South Carolina Independent Contractors
The following is a great assessment of how a specific Workers Compensation Commission views independent contractors. Even if your company has no Workers Comp concerns in SC, the control issue is spelled out here very well. The issue of employee vs. subcontractor is very important at the time of your yearly premium audit.
State of South Carolina
Workers’ Compensation Commission
October 6, 2009
Coverage Requirements and Statute References
Employers frequently contact the SC Workers’ Compensation Commission to ask, “Do I need workers’ compensation insurance?” Any employer in South Carolina who regularly has four or more workers full-time or part-time is required to have workers’ compensation insurance.
However, there are exceptions, as outlined in the SC Code of Laws Section §42-1-360. The exceptions include: agricultural employees; persons engaged in selling agricultural products; casual employees; state and county fair associations; federal employees; railroads and railway express companies, and employers who have a total annual payroll of less than $3,000, regardless of the number of workers employed during that period. Also exempt are owner-operator drivers and certain commission-paid real estate agents, which meet specific threshold requirements.
Employer-employee relationship case law defines the fundamental test of employment relationship as the right of the employer to control details of an employees work. It is not actual control exercised, but whether there exists right and authority to control and direct the particular work or undertaking as to the manner of means of its accomplishment.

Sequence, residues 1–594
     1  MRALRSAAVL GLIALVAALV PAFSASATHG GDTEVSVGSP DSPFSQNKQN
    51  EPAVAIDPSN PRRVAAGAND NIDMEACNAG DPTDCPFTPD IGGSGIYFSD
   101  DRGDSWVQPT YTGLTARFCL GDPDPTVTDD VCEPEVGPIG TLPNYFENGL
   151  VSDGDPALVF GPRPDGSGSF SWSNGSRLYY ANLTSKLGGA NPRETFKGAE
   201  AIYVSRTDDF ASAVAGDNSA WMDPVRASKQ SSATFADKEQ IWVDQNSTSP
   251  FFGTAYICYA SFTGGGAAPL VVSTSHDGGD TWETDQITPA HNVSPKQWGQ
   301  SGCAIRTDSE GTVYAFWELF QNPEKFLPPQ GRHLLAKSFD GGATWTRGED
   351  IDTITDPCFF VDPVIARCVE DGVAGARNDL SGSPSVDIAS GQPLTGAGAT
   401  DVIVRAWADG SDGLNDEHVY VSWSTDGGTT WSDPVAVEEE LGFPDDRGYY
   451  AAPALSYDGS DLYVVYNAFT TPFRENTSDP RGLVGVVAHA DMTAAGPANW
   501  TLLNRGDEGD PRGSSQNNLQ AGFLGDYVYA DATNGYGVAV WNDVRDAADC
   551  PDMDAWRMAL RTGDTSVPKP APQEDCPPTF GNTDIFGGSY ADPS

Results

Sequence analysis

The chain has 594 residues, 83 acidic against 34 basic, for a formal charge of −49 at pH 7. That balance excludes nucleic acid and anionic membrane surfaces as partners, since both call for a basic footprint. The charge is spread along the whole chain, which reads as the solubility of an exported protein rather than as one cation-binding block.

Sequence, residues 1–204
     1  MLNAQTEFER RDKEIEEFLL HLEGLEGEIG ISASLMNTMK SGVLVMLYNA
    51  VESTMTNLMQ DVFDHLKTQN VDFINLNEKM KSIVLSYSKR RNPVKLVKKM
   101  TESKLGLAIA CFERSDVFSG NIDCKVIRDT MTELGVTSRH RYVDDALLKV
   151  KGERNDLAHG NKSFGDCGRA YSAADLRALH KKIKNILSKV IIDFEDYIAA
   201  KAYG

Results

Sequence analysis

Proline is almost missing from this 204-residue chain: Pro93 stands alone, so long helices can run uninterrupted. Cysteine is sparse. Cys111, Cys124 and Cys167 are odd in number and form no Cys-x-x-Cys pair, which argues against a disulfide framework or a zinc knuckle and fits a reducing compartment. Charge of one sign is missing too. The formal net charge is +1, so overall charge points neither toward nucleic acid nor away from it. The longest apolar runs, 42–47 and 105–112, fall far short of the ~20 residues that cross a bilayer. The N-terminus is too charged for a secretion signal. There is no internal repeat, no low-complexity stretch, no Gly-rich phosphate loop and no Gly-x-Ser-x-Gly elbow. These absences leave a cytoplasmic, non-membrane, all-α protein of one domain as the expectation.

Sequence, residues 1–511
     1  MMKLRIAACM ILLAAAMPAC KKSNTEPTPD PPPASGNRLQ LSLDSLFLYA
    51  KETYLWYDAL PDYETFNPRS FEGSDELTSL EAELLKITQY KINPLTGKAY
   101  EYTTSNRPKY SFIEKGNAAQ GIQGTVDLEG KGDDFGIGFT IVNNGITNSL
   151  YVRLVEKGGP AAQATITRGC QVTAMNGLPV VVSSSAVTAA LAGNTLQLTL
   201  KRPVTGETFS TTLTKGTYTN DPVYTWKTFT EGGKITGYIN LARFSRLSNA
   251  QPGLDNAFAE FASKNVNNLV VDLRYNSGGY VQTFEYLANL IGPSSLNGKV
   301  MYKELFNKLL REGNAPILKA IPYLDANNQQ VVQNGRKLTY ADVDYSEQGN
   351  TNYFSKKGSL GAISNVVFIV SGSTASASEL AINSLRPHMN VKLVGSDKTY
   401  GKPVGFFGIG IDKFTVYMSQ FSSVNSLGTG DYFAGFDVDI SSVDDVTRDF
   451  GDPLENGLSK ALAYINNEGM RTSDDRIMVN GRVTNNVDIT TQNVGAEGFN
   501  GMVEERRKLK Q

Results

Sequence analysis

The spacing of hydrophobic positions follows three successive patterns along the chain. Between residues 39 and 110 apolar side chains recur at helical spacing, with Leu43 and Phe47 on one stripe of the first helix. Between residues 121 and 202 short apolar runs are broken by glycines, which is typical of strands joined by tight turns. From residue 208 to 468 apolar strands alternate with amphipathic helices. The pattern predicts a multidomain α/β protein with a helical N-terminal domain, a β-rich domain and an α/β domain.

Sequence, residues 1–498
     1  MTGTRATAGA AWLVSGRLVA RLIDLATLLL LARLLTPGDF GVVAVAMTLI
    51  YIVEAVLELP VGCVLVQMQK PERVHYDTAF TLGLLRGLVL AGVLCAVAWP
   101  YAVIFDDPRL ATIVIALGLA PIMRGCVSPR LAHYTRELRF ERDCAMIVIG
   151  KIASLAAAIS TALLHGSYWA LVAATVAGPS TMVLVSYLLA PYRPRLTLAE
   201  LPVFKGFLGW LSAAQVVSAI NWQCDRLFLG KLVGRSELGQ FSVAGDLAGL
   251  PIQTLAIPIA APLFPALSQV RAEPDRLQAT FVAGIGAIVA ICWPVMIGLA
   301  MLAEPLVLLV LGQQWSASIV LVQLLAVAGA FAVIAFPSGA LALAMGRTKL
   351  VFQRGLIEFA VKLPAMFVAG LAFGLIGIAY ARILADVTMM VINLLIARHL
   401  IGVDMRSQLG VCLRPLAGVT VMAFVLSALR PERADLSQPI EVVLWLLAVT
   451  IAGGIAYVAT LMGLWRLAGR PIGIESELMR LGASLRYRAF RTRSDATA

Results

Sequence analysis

The courts have defined regularly employed as meaning employment of the same number of people with some constancy throughout a relevant time period. Employment situations are not always clear. Seasonal employment is a good example. In instances like this a Commissioner, based on the finding of fact, determines whether an employer regularly has four or more employees.
Employment is casual when it is not permanent or periodically regular but occasional or by chance and not a usual course of the employer’s trade or business. Case law provides that if an employee is doing a task within the business, trade, or occupation of his employer, the employee is not casual, even if the duration of employment was brief and isolated. Part time employment is not casual in nature and is not included in the exceptions under Code Section §42-1-360.
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